Since last fall we have had a great deal of discussion and debate concerning the phrase of too big to fail (TBTF) which was a newly coined term created seemingly just for this current economic mess. That concept led to the TARP; it also produced the TALF program, remember that? Likewise, a substantial portion of the Stimulus bill was indirectly to support the same idea that some companies were TBTF. Additionally, we must recall the Federal Reserve has gone to extraordinary lengths to prop up those institutions with their 1.5 trillion dollar purchase of mortgage-backed securities, treasury bills and the simple act of printing more money and keeping the funds rate a virtually zero. Yes, some of those actions and some of that money was for the general economy allegedly but huge bundles went directly to those TBTF concerns.
First it was Fannie and Freddie, they were followed by AIG and after Lehman collapsed they blinked again even worse and the major banks were brought into the fold along with GM and Chrysler. The worst of the panic is over. The economy is still hurting badly and will continue to do so for years to come especially if the current proposals for cap and tax and health care and the other tax increases all take effect. The theory was that these TBTF’s went down or any one of them it would destroy the economy. Well, I am not an economist but I have dealt with bad times and struggling companies during my 43 year career and have seen over pretty severe down turns. The ’70’s were no picnic. That entire decade was a downer for those of you too young to know about it. Here is not the place to examine in detail the likely results if we had let those institutions go under or some of them. If Fannie and Freddie went down there would still be a demand for housing and house loans and a profit to be made there. The S and L’s made money for decades doing just that. Lots of big investment houses, many foreign might have lost lots of money on an AIG failure but all those policies would have been honored which is much more important to my mind. The decision to bailout GM and Chrysler and have them become Government, Inc. entities was clearly a political decision not an economic one. New smaller companies would have emerged from a Chapter 11 and no one would have been left without a car if they wanted to buy one.
We made a mess of things by allowing ourselves to be duped with that concept of TBTF. Yes, things would have been difficult if they had gone down. But I can argue just like the White House that but for those actions things would have been better by now, not worse. They say everything would have been much worse if we hadn’t taken all those actions. An argument can be made to the contrary very cogently. Remember that only 350 billion of the TARP money had been spent by inaugural day. Everything else came after that date. The GM/Chrysler bailout, the extra money to the institutions, Stimulus, TALF and all the buying by the Fed at the urging of the WH. Whether you agree or not is not important, but I bet most of you would agree that it hasn’t been handled well. It could have been done better. I favor letting any failing company to fail, others would promote more government regulation and takeovers. Guess a lot depends on your trust level in the free market system vis a vis Government. Take your pick. I will trust a businessman any day over a politician.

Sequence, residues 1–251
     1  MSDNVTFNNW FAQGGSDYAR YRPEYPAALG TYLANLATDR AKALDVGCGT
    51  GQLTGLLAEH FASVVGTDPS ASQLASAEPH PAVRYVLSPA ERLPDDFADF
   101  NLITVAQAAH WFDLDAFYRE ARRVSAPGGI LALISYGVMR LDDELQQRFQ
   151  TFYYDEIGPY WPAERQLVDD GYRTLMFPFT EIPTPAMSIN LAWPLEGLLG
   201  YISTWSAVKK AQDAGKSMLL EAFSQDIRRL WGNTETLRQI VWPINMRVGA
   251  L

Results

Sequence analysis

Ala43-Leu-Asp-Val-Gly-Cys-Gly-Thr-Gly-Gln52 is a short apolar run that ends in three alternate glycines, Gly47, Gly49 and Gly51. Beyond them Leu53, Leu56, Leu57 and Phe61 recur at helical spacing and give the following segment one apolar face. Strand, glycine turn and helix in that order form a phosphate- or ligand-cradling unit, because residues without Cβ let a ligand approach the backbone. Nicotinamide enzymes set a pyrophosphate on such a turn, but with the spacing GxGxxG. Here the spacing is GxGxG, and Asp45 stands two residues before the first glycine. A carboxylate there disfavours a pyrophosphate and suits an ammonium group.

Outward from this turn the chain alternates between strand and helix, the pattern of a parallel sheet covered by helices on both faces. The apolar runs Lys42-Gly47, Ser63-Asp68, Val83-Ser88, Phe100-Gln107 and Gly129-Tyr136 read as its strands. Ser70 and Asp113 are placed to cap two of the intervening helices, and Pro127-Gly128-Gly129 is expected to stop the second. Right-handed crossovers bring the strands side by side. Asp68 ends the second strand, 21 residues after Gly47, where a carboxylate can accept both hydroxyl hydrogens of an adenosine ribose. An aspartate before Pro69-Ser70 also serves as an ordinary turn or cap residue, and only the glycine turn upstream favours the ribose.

However we now will soon face another serious problem of the same ilk. All the current proposals for health care reform will raise taxes greatly and will severely cut back on expenditures to hospitals, insurance companies and doctors. There will be special taxes assessed against the medical device makers and pharmaceutical companies. Hospitals do go broke in spite of what you may think about them making way too much money. I have represented three hospitals over the years in Chapter 11. Yes, the insurance companies will get more customers but they will also have to add many new ones that carry much higher risks and thus larger claim payouts. Doctors facing cutbacks will make choices. Many will decide to move locations, probably to the larger urban areas. Not many will quit practicing altogether but those moves will further deplete the need for medical care in the rural and outlying regions. Many of the health insurance companies are affiliates or subsidiaries of life insurance companies. If some of them go under because they can’t make sufficient profits then that will impact the life company they are affiliated with. Those life policies will be endangered and those annuities that many people bought.
We need to think long and hard now on the front end how we are going to deal with those hospitals, insurance companies and drug makers that are TBTF. Will we even acknowledge that concept for any of them? What about the drug company that has promising research for a specific cancer cure but then goes under due to the weight of the new taxes imposed on it and the reduction in the tax breaks for research. Trust me there will some of these entities that do go under as the Government, Inc. health program develops over the next decade. They are proposing a 21 % cut just for the doctors. Would you like a 21% cut in your pay today? How would that effect you? For some such a cut would produce bankruptcy. If you live in an outer suburb and have only two hospitals and one goes under then you might have to drive 50 miles for medical treatment or wait inordinate amounts of time at the survivor hospital. Are we going to simply bailout these failing hospitals, insurance companies, and pharmaceutical companies like we did GM? Where is that money allocated in the CBO report. www.olcranky.wordpress.com
“The lust of government is the greatest lust.” James Harrington